Connaisseur v2.2 - Improving Usability of Container Signature Validation in Kubernetes
Connaisseur is a Kubernetes admission controller for container image signature verification. The latest release v2.2 improves usability and compatibility.
Connaisseur allows you to verify the signatures of container images before deployment to a Kubernetes cluster. To learn more about Connaisseur, checkout the docs or read our previous articles:
- Connaisseur v2.0 release
- Validation of Cosign-based image signatures in Kubernetes
- Validation of Notary-based image signatures in Kubernetes
If you want to get started using Connaisseur, there is - as always - a quick demo below ...
So what's new?
While the detailed changes in version 2.2 can be found in the release log, the overarching scope is usability and compatibility:
- More native Helm integration
- Simplified and more stable administration (deploy, update, delete)
- Better compatibility with different flavors of Kubernetes (e.g. OpenShift)
- Better compatibility with different versions of Kubernetes (v1.16+)
- Improved KMS support for Cosign
We are pleased to announce that Connaisseur Helm charts are now published in a Connaisseur Artifact Hub repository. As a consequence, Connaisseur can now be administered directly via Helm without the need to clone the whole repository, greatly facilitating integration into the CI/CD pipeline.
Furthermore, we reworked the way Connaisseur is deployed, updated and deleted in order to make administration faster and considerably more stable. Specifically, changing the Connaisseur configuration at runtime via
helm upgrade was improved and now works with zero downtime. The default configuration has been adjusted to allow compatibility with different flavors and versions of Kubernetes. Tests for Kubernetes v1.16 and higher were implemented to ensure future compatibility. Finally, the key management service (KMS) support of Cosign for a range of Providers (e.g. AWS, Azure, GCP, HashiCorp, Kubernetes) has been experimentally integrated into Connaisseur.
So let's take a look at some of those improvements ...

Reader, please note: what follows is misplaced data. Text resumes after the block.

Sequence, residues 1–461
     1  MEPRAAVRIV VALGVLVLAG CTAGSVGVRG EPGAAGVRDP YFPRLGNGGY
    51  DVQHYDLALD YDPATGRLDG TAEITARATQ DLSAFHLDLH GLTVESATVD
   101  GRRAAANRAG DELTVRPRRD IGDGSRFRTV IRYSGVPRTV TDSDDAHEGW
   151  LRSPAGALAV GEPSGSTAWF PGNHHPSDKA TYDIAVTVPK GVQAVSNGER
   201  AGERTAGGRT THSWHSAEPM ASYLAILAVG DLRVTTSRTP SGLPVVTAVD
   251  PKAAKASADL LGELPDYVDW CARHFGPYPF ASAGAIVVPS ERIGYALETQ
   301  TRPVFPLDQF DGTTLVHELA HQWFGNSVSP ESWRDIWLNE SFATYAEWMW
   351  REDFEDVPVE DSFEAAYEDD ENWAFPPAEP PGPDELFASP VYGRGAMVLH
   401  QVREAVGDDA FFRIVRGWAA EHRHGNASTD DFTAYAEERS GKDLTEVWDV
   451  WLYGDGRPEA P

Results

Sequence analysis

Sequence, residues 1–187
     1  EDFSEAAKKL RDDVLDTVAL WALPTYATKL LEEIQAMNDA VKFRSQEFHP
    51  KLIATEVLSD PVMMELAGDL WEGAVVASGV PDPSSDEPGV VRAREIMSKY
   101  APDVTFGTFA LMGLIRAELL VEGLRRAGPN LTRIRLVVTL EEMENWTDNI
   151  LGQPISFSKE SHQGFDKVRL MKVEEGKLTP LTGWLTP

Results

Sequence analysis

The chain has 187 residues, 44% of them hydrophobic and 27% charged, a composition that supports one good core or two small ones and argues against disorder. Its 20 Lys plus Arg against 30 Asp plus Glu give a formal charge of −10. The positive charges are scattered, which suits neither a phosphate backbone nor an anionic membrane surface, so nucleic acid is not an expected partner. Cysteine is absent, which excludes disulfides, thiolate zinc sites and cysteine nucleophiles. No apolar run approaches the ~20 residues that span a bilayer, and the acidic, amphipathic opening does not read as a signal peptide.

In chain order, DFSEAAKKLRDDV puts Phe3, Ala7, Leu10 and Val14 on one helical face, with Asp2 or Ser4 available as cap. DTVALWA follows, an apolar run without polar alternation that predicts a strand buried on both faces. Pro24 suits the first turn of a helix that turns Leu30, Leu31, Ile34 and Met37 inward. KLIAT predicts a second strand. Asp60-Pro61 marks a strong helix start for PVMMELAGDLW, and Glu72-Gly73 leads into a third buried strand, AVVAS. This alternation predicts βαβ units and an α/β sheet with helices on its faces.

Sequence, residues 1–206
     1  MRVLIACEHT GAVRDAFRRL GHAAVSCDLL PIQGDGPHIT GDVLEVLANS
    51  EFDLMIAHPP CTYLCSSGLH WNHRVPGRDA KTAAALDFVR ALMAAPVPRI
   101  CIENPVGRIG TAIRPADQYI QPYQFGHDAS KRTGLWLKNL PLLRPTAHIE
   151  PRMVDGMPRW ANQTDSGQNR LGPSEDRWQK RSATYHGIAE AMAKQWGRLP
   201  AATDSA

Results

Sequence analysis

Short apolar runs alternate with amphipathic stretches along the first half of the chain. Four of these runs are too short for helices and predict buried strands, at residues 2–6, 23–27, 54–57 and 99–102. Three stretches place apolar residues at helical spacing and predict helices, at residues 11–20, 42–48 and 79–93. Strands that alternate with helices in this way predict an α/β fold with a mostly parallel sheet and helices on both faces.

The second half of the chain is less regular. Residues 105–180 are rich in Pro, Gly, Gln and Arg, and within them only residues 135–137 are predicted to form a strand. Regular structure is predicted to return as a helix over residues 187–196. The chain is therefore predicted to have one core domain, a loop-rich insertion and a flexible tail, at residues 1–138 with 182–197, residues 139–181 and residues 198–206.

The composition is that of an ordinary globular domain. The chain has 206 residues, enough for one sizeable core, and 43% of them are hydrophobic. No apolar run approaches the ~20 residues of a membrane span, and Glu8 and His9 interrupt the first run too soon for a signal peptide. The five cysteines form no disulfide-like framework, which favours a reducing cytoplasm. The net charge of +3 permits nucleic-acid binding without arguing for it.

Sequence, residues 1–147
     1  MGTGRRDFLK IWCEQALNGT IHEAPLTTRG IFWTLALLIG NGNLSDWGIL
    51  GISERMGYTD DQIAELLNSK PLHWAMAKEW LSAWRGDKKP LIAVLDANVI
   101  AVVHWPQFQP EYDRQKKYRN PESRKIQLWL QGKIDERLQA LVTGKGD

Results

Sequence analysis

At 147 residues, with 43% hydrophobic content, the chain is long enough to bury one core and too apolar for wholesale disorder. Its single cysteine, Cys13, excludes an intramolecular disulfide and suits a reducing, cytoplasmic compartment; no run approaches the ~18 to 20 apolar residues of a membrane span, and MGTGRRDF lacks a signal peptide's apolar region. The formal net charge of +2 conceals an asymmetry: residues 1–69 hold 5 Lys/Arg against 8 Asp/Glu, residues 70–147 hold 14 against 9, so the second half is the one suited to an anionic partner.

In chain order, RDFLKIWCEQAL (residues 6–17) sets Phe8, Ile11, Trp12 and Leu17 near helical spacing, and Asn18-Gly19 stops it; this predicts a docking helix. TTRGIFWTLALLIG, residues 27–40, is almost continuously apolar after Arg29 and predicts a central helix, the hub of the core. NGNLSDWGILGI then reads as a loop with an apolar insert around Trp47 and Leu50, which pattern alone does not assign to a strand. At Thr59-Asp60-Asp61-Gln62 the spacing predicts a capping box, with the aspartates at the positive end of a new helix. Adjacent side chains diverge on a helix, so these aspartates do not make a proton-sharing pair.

Demo Time 🚀
Within the demo, we will install and customize Connaisseur to use our own KMS via the public Helm repository. Here is a screencast of the demo to get a feeling for Connaisseur in action:
The video shows a screencast of adding Connaisseur’s Helm repository and installing the admission controller in default configuration. Next, the configuration is adjusted to use Kubernetes secret as a KMS for container image signature verification. The configurations are tested by creating pods with signed/unsigned images that are admitted/denied.
We start by adding the Connaisseur Helm repository and installing it in the
$ helm repo add connaisseur https://sse-secure-systems.github.io/connaisseur/charts "connaisseur" has been added to your repositories $ helm install connaisseur connaisseur/connaisseur --atomic --create-namespace --namespace connaisseurNAME: connaisseur LAST DEPLOYED: Sun Oct 17 14:39:58 2021 NAMESPACE: connaisseur STATUS: deployed REVISION: 1 TEST SUITE: NoneCopy to clipboard
You can verify the installation by checking the deployed resources via
kubectl get all -n connaisseur or simply deploying some test images:
# unsigned image is denied $ kubectl run demo1 --image=docker.io/securesystemsengineering/testimage:unsigned # is denied Error from server: admission webhook "connaisseur-svc.connaisseur.svc" denied the request: Unable to find signed digest for image docker.io/securesystemsengineering/testimage:unsigned. # signed image is admitted $ kubectl run demo2 --image=docker.io/securesystemsengineering/testimage:signed # is accepted pod/demo2 createdCopy to clipboard
Connaisseur is now successfully enabled and you verified your first image! 🚀
Let's customize the configuration to verify a container image signed by ourselves, but let's do this as a KMS instead of directly configuring the public key. For simplicity, we will use a Kubernetes secret as a "KMS" here, since no external service or vendor is required. The secret can be created directly using Cosign:
$ cosign generate-key-pair k8s://connaisseur/cosign-keys Enter password for private key: Enter password for private key again: Successfully created secret cosign-keys in namespace connaisseur Public key written to cosign.pub # check if keys were created $ kubectl get secrets -n connaisseur cosign-keys NAME TYPE DATA AGE cosign-keys Opaque 3 92sCopy to clipboard